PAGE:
Damascus Gear: Operation Osaka
Developed By: A+ Games
Published By: Arc System Works
Category: Action, Role-Playing, Roguelite
Release Date: 08.29.19
Damascus Gear: Operation Tokyo was one of the first games I reviewed here at the Switch Effect, making it the first review where I declared my undying love for giant robots. It was a pretty fun game, overall, even if it did have a few flaws. When the sequel, Damascus Gear: Operation Osaka for the Nintendo Switch, came in for review, it was a no-brainer for me to pick it up and give it a try. It has a lot in common with its predecessor – maybe a little too much, truth be told. There are some gameplay tweaks, which I have a hard time seeing as improvements over the original formula. But the biggest letdown has to be in the game’s narrative structure.
South Ward Story
Fifty years after the events of the first game, Damascus Gear: Operation Osaka takes place in a gigantic, mechanized city known as the Cosmopolis built on the ruins of Osaka. The Cosmopolis was conceived as a way to recover faster from the devastation caused by the out-of-control giant robots known as RAGE. The one problem with the Cosmopolis? Its deeper levels have been infested by out-of-control giant robots, exhibiting some pretty RAGE-like symptoms. The city government hands out licenses to private mech-piloting mercenaries called Rankers, who battle it out for fame and money in the city’s arena in addition to venturing deep into the Cosmopolis, combating the emerging RAGE threat. The player character wakes up in the Cosmopolis one day, with nothing but a giant robot and an android assistant to his name – oh, and his parents’ ten million eyn debt (eyn is the game’s unit of currency, in case that was unclear). So they set about trying to pay off that massive debt the best way a GEAR pilot knows how; by exploring dungeons full of homicidal AI drones. Obviously.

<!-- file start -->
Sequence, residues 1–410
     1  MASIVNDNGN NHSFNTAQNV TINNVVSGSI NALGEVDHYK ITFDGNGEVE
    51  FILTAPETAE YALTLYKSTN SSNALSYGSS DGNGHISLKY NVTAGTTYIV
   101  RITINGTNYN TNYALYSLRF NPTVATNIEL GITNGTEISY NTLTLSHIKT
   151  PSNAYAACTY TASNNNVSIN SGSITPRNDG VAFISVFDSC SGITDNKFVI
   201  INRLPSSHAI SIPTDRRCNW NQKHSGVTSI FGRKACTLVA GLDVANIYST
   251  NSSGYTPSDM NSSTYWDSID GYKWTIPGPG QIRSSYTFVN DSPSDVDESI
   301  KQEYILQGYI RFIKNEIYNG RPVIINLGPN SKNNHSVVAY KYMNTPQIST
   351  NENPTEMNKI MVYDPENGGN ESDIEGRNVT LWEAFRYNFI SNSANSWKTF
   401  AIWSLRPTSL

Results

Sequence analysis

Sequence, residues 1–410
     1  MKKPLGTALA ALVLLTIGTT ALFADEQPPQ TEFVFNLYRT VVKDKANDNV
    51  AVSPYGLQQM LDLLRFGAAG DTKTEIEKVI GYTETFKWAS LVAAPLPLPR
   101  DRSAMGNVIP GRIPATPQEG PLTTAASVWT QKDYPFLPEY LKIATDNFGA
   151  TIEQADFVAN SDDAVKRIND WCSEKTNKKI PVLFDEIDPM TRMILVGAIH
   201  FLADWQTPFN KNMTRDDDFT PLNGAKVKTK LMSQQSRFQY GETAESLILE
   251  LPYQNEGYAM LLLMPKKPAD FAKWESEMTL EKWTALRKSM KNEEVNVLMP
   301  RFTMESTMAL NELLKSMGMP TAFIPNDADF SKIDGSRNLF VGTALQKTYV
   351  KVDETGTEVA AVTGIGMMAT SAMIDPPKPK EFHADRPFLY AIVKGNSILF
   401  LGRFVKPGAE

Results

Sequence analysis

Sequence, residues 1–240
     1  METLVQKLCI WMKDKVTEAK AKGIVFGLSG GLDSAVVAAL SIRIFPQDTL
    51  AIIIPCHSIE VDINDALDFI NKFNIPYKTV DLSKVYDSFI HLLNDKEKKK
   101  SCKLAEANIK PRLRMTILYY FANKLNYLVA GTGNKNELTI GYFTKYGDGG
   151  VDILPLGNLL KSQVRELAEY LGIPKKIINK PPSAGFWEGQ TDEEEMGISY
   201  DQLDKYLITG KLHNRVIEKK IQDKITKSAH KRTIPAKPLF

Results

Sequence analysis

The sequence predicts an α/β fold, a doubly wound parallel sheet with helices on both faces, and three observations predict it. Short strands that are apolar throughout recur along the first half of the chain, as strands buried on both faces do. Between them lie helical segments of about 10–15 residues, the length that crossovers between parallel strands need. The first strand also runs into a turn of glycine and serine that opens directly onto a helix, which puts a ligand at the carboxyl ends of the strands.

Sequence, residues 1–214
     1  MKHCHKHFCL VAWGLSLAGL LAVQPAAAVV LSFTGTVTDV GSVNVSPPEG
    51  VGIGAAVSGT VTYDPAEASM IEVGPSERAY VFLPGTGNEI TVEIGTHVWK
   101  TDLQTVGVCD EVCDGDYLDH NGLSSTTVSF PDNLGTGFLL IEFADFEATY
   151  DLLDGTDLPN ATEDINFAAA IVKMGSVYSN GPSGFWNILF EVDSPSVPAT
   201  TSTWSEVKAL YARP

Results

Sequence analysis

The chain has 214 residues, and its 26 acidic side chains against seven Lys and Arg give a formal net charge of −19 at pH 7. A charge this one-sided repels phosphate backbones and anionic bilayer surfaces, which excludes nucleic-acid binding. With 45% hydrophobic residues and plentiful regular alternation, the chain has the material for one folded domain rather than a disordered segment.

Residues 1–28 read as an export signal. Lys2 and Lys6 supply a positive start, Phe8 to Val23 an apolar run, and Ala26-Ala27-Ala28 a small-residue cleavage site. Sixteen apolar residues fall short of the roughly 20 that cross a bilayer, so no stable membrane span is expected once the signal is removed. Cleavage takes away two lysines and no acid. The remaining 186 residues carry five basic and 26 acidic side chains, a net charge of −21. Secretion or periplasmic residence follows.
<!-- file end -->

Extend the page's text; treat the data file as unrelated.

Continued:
So we’re off to a good start with a solid premise for the game, but the execution leaves a lot to be desired. The story is told basically through your android assistant telling you what’s happening around the city. The first game at least had other characters having conversations to drive the story forward; having one character monologue the entire plot is kind of boring. Story and gameplay have very little interaction; it never feels like the gameplay does anything to drive the story forward. Events happen when they happen, regardless of what you do. It kind of made me feel powerless at worst or not invested in the action at best, and it wasn’t a good feeling. Additionally, the storytelling gimmick of mounting debt used here would make Tom Nook blush. When you pay off your first debt – oops! Another, much larger one pops up. It highlights how thin the game’s storyline and cast are that the narrative needs to have such a device to try and manufacture some tension.
Turning the GEARs
For the first little bit of my playthrough, the gameplay didn’t feel as smooth as it was in the first game, but it gets the job done. At first, things like aiming ranged weapons felt a little janky, but once I started using the lock-on function that quickly became a thing of the past. The basics of combat are similar to those found in Operation Tokyo; your GEAR is equipped with one weapon in each hand, and one shoulder-mounted weapon, each mapped to a different controller button. You can also boost around to dodge incoming attacks or close in more quickly for a melee attack. Once you get used to things the pace of action is comparable to the first game, but it can take a while to get there.